Last week at the Open Mobile Summit in San Francisco, Walt Mossberg, personal technology columnist at the Wall Street Journal and a moderator at the event, said he didn't think that the current generation of smartphones (the Droid, the iPhone 3GS, the Palm Pre and others) should be called smartphones and grouped with devices that he considers the real smartphones like the Palm Treo. Instead, he suggested they be categorized separately as something akin to a personal computing device because they have the operating system and processing power similar to a small computer.
Several other speakers at the two-day conference drew upon that theme--implying that this current generation of smartphones are so much more advanced than earlier smartphones that they should be in a different category and judged separately from devices with lower processing power.
I understand the differences between today's advanced smartphones and the less sophisticated smartphones of yesterday, but I'm not convinced we need another term and another device category. Just yesterday Qualcomm announced that AT&T Mobility would launch the first smartbook, a new device that Qualcomm has been pushing that combines the always-on connectivity of smartphones with the larger display of a netbook.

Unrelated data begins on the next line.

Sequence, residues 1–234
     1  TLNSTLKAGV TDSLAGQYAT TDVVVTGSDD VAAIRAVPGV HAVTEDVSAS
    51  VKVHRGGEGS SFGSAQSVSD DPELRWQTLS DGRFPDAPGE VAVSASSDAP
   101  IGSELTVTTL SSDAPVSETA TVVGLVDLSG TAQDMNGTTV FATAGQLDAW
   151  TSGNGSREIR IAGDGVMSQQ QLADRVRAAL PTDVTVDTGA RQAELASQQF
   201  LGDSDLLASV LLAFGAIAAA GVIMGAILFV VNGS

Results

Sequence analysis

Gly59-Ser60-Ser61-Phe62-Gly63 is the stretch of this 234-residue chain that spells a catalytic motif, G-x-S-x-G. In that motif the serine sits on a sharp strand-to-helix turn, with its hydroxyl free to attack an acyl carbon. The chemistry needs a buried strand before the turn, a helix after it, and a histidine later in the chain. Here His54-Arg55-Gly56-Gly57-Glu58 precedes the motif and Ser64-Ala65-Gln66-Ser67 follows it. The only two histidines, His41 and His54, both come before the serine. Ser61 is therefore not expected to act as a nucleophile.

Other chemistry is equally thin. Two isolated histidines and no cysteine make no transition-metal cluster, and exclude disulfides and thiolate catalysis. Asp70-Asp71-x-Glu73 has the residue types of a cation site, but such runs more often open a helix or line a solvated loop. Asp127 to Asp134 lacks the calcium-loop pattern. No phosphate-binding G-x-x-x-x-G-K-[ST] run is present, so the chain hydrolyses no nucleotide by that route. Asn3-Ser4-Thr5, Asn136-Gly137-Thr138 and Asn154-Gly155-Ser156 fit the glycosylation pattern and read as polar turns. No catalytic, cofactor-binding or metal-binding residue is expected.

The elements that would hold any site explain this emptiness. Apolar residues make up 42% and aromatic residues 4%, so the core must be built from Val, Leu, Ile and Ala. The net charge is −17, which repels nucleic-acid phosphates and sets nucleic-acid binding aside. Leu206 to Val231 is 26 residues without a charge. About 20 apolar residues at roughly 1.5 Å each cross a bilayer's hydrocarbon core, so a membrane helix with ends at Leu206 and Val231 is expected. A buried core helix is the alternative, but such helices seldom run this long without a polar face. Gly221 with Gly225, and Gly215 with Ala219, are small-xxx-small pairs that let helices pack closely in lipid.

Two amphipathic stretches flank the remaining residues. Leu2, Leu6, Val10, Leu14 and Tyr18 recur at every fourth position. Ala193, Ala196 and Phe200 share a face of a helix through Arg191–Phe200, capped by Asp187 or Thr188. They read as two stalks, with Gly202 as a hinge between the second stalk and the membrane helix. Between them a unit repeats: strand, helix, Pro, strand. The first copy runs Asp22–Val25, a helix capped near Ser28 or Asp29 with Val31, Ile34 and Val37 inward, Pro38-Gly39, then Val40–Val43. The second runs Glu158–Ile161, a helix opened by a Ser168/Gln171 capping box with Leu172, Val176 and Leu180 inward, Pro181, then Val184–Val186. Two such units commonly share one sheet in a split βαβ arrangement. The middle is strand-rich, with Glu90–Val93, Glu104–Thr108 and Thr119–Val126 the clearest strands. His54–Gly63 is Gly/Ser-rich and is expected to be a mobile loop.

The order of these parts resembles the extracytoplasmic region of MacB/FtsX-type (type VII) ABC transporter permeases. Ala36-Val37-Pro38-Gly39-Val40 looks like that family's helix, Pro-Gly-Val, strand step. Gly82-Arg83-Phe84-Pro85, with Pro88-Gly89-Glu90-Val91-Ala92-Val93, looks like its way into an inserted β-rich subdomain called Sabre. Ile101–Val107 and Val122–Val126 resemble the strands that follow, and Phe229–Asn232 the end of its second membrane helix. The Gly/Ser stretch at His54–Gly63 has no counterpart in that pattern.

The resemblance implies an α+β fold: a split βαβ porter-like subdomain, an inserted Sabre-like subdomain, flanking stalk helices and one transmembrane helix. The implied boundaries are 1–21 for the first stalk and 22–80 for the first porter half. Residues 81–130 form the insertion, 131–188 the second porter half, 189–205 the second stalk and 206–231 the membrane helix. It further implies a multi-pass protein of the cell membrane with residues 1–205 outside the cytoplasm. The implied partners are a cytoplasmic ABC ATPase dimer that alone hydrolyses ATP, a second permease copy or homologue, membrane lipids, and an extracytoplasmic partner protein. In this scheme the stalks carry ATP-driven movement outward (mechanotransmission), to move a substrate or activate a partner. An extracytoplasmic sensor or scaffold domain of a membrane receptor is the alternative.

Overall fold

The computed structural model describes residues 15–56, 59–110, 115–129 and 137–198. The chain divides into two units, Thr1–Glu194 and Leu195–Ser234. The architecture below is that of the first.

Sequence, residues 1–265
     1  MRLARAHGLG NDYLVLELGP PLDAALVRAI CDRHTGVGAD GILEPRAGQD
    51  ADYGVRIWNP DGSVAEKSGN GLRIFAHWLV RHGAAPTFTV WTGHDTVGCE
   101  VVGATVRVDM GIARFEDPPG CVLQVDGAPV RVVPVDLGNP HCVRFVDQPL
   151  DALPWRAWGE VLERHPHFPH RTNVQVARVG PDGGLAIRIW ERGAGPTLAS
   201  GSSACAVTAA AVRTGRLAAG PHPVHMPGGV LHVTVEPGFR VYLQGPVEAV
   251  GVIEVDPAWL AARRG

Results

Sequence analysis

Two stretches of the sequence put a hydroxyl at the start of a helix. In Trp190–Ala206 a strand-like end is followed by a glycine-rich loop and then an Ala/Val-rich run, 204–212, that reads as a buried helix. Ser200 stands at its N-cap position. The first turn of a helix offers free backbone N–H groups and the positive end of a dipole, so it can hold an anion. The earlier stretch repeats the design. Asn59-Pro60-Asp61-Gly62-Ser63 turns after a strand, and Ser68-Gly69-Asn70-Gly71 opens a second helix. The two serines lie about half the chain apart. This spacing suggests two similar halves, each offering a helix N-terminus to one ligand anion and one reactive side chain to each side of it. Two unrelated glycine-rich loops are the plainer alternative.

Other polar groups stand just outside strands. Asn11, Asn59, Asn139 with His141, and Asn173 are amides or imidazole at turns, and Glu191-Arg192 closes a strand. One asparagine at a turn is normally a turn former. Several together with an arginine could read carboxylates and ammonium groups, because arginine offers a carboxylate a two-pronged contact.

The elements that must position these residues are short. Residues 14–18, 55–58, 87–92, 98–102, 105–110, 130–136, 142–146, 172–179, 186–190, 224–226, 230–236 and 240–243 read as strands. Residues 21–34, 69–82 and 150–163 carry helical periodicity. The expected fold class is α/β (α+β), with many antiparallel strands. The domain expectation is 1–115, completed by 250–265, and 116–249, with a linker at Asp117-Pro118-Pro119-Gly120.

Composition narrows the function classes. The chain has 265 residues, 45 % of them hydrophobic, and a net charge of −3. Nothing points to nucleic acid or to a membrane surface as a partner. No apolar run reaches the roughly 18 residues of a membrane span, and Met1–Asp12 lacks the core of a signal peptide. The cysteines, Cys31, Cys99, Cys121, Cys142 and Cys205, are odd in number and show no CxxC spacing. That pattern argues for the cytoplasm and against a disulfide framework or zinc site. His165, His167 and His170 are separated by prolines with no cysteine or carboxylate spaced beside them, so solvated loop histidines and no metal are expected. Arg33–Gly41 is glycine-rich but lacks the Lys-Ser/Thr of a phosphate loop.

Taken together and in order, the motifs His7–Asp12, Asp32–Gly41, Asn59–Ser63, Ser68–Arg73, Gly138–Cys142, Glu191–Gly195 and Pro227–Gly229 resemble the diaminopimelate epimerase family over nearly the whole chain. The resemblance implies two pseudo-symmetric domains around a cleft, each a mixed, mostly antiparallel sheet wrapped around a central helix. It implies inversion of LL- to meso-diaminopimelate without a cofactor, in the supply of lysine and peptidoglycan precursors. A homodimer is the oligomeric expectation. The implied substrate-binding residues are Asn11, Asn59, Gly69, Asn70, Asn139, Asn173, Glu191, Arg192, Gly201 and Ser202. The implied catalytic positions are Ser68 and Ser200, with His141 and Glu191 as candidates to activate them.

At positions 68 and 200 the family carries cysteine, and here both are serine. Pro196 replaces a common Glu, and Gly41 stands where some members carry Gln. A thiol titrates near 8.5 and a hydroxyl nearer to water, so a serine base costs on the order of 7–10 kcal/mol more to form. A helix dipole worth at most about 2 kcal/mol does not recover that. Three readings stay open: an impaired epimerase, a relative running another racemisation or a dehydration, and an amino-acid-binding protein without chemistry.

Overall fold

The lines between a feature phone, a smartphone, a smartbook and a netbook are already a little blurry--do we really need another category to describe the advanced smartphones that are currently being released?
The wireless industry certainly loves to categorize its products and services. About five years ago device makers were focused on making devices for different niche markets--there were the enterprise devices that featured keyboards for email, the teen/young adult phones with easier text messaging capabilities, the phones for music lovers with high-quality sound and sideloading capability and the standard voice phones for the rest of the population.
It seems to me that the industry is now taking this device categorization to the next level with the feature phone, smartphone, smartbook products. But does the consumer really care? For the average buyer these different terms are confusing. Let's focus instead on making devices that are sleek and easy to use. Let's make them powerful but still affordable and most of all, let's make devices that consumers will want and use. --Sue